Habitat

Perideridia gairdneri prefers well-drained, nitrogen medium soils. It tolerates slightly acid to mildly alkaline soils. It is very shade intolerant. It is a climax species in drier sites, and is found in the meadow communities in Garry oak ecosystems. Grows from low to middle elevations.[2]

Uses

Important food plant in many places.

Newe use as a food, pit-roasted.

Pomo staple food, roots and greens.

Syilx food, eaten raw, boiled or cooked, sliced, dried and mixed with dried, powdered deer meat.[5]

Propagation

The Seed

Perideridia montana
Photo Credit Lisa Hintz

Seed sample from 2011

Features

Average Measurement: 2.3 x 1 x 1

Measurement Range: L: 1.5 – 3, W: 0.8 – 1.1, D: 0.75 – 1.3

Latitudinal Cross Section: ovate

Longitudinal Cross Section: elliptical

Shape: Seed schizoid, flat on one plane, and rounded on the opposite plane. Lots of irregularity in shape.

Color: Various shades of green and brown. Hilum usually white. Some seeds have pink from remnant flower structure at apex opposite hilum.

Surface: Seeds have five ridges on outer seed face that run from hilum to opposite apex longitudinally. Inner seed face has one white rib that bisects the seed face.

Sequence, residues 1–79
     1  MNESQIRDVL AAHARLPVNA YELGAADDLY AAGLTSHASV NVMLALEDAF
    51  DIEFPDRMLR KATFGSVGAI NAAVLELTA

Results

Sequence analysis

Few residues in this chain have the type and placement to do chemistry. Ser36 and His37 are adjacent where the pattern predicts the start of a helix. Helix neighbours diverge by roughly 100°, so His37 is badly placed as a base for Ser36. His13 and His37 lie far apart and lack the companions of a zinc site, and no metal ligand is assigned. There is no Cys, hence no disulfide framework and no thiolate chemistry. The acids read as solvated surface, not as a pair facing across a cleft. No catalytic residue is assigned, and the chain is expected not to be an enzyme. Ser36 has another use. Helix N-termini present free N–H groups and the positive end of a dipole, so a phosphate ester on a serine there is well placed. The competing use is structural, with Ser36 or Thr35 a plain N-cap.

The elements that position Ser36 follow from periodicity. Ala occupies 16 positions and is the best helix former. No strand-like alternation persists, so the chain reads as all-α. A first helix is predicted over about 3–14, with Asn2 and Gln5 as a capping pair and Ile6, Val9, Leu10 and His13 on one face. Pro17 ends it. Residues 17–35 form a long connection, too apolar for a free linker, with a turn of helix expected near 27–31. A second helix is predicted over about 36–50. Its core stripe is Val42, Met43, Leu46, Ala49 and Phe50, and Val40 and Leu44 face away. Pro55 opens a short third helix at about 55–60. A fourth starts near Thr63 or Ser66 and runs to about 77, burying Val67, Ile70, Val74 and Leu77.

Basic Explanations and Assumptions:

The dimensions for the seeds are length x width x depth. The location of the hilum is used as the base of the seed, and the length is measured from hilum to the opposite apex. Where a style is present, the length is measured from the hilum to the bottom of the style. Width is measured at a right angle to the length at the widest part. Depth is measured at a right angle to the intersection of height and width lines.

Measurements included are the mean average for each measurement of ten separate seeds.

All measurements in millimeters unless otherwise noted.

Photo Gallery

References

  1. 1.0 1.1 1.2 Hitchcock, C. L., Cronquist, A., Giblin, D., & Legler, B. et al. (2018). Flora of the Pacific Northwest: an illustrated manual. Seattle: University of Washington Press.
  2. 2.0 2.1 2.2 Klinkenberg, Brian. (Editor) 2020. E-Flora BC: Electronic Atlas of the Plants of British Columbia [eflora.bc.ca]. Lab for Advanced Spatial Analysis, Department of Geography, University of British Columbia, Vancouver. [Accessed: 2020-06-03 12:05:29 AM ]
  3. Lincoln Constance & Margriet Wetherwax 2012, Perideridia gairdneri subsp. borealis, in Jepson Flora Project (eds.) Jepson eFlora, /eflora/eflora_display.php?tid=52099, accessed on June 02, 2020.
  4. 4.0 4.1 WTU Herbarium, Burke Museum, & University of Washington. Retrieved from https://biology.burke.washington.edu/herbarium/imagecollection/taxon.php?Taxon=Perideridia%20montana
  5. Native American Ethnobotany Database. Retrieved from http://naeb.brit.org/uses/search/?string=Perideridia&page=1